General Motors Chief Executive Officer Mary Barra fielded pointed questions and accusations from U.S. senators, with one saying GM had a "culture of coverup" and another predicting it may face criminal liability.
Barra said it was "completely unacceptable" that the design of a defective small-car ignition switch now linked to at least 13 deaths was changed without a corresponding change in part number, which would mask a fix. She repeated her assertion to a U.S. House committee yesterday that GM focused on costs in the past and now makes the customer "our compass."
The chief executive, after the hearing, called the questioning "tough but fair" and said GM will keep sharing information with Congress. "Meanwhile, we will continue doing all we can to repair our customers' vehicles and rebuild their trust in GM," she said.
Barra testified Wednesday to a panel headed by Sen. Claire McCaskill, a Missouri Democrat, that's seeking to understand why GM and U.S. regulators failed for more than a decade to fix the faulty switches that could slip out of the "on" position when jarred. That in turn could cause the engine to shut off and deactivate the air bags.
Questions from senators today were more pointed than many Barra got yesterday from the Republican-controlled House, with some interrupting or challenging her answers.
Sen. Kelly Ayotte, a New Hampshire Republican, said GM's move to change the design without changing the part number was more than bad engineering practice.
"This to me is not a matter of acceptability, it's criminal deception," Ayotte said. "Someone made the decision, and it was approved by GM. We should get to the bottom of that."
Sen. Richard Blumental, a Connecticut Democrat who is a former U.S. attorney, said the company could face criminal liability.
Asked if the engineer who approved that change lied under oath during a 2013 deposition in a lawsuit filed by the family of a crash victim, Barra said, "The data that's been put in front of me indicates that." The engineer, Ray DeGiorgio, remains employed by GM, she said.
"It’s hard for me to imagine you would want him anywhere near any engineering anything at General Motors under these circumstances," McCaskill said.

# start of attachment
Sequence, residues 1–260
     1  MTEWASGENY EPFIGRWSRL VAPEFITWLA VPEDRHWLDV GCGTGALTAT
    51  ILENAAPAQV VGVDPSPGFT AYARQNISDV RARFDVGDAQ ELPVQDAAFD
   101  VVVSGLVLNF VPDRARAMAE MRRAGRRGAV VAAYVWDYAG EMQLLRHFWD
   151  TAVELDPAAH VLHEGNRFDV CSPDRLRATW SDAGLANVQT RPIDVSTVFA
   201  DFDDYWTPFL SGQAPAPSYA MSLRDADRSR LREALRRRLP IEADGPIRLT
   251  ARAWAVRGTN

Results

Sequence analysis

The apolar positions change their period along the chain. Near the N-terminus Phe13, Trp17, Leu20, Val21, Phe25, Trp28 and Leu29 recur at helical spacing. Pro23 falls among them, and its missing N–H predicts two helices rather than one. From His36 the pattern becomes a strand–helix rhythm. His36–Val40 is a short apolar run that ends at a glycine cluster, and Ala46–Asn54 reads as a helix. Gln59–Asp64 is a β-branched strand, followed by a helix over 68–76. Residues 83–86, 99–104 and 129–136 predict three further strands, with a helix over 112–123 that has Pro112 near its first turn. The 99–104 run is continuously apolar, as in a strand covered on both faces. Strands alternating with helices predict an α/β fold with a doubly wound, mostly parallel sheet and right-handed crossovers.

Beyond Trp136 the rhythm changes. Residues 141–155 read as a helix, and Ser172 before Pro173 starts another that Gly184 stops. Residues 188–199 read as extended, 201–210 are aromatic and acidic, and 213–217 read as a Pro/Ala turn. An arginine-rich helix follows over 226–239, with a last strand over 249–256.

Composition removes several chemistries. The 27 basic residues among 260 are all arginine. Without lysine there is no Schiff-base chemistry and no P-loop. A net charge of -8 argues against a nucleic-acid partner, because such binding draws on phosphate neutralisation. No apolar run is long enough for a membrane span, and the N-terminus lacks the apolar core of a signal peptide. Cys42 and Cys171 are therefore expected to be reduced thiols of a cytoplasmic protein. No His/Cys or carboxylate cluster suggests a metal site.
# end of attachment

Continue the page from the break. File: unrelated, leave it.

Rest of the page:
Asked if she'd allow her children to drive a Chevrolet Cobalt with the defective switch, Barra said she would "if he only had the ignition key" — the advice GM has given owners of the 2.6 million affected cars until they can be repaired.
Transportation Department Inspector General Calvin Scovel, who is investigating why regulators twice elected not to start a probe of the defective switches, said he couldn't confirm or deny whether GM is under criminal investigation.
Scovel's staff was involved in a Justice Department investigation that led last month to a $1.2 billion penalty, the largest ever against an automaker, against Toyota to resolve criminal wire-fraud charges for hiding unintended-acceleration defects.
The National Highway Traffic Safety Administration's acting administrator, David Friedman, said the agency lacks complete records to show why it overruled an initial recommendation in 2007 to start a probe.
"Frankly, it is something that is currently hamstringing our ability to fully pull together all of what happened," he said.
NHTSA would have acted sooner if it had information now known about GM's redesign of the ignition switch, Friedman said. When an agency panel reviewed information about the Cobalt and Saturn Ion in 2007, the cars did not stand out compared with their peers, he said.
"Despite the department's best efforts to improve its safety-defect analyses and investigations, vehicle safety will remain a concern if automakers conceal vital information," said Scovel, whose staff highlighted shortcomings at NHTSA after the Toyota recalls. "We expect the industry to be vigilant and forthcoming to keep the public safe."
NHTSA experts still don’t understand how the Cobalt air bags could have been deactivated with the cars moving, Friedman said. They had thought most safety devices will work even with a loss of power for 60 seconds or more, he told reporters after the hearing.
"We have no evidence of a broader problem," he said. "Out of due caution, we're contacting all the automakers as well as reaching out to suppliers to make sure we understand all the implications."
After her testimony Tuesday that was long on apologies and short on detailed answers, Barra, 52, returned for a second day of questioning. Less than three months on the job, she's trying to separate herself from an old GM that weighed the costs of safety, presenting herself as the face of a new GM that puts customers first.
"If this is the new GM leadership, it’s pretty lacking," Sen. Barbara Boxer, a California Democrat, told Barra. "I am very disappointed, really as a woman to woman, because the culture you're representing here today is the culture of the status quo."
McCaskill accused GM of having "a culture of coverup" that allowed it to conceal the problem.
"It might have been the old GM that started sweeping this defect under the rug 10 years ago but even under the new GM, the company waited nine months to take action after being confronted with specific evidence," McCaskill said.
At the end of Barra's testimony, McCaskill said she "got aggressive" because auto safety is so important.
"To the extent this has been a rough day for you, it is coming from the right place," McCaskill said. "You’ve got an enormous responsibility to get this right."
Barra took a commercial flight to Washington and planned to leave the same way, said Alan Adler, a company spokesman. In 2008, then-CEO Rick Wagoner was criticized for taking a private jet to the U.S. capital to request a taxpayer bailout of GM.
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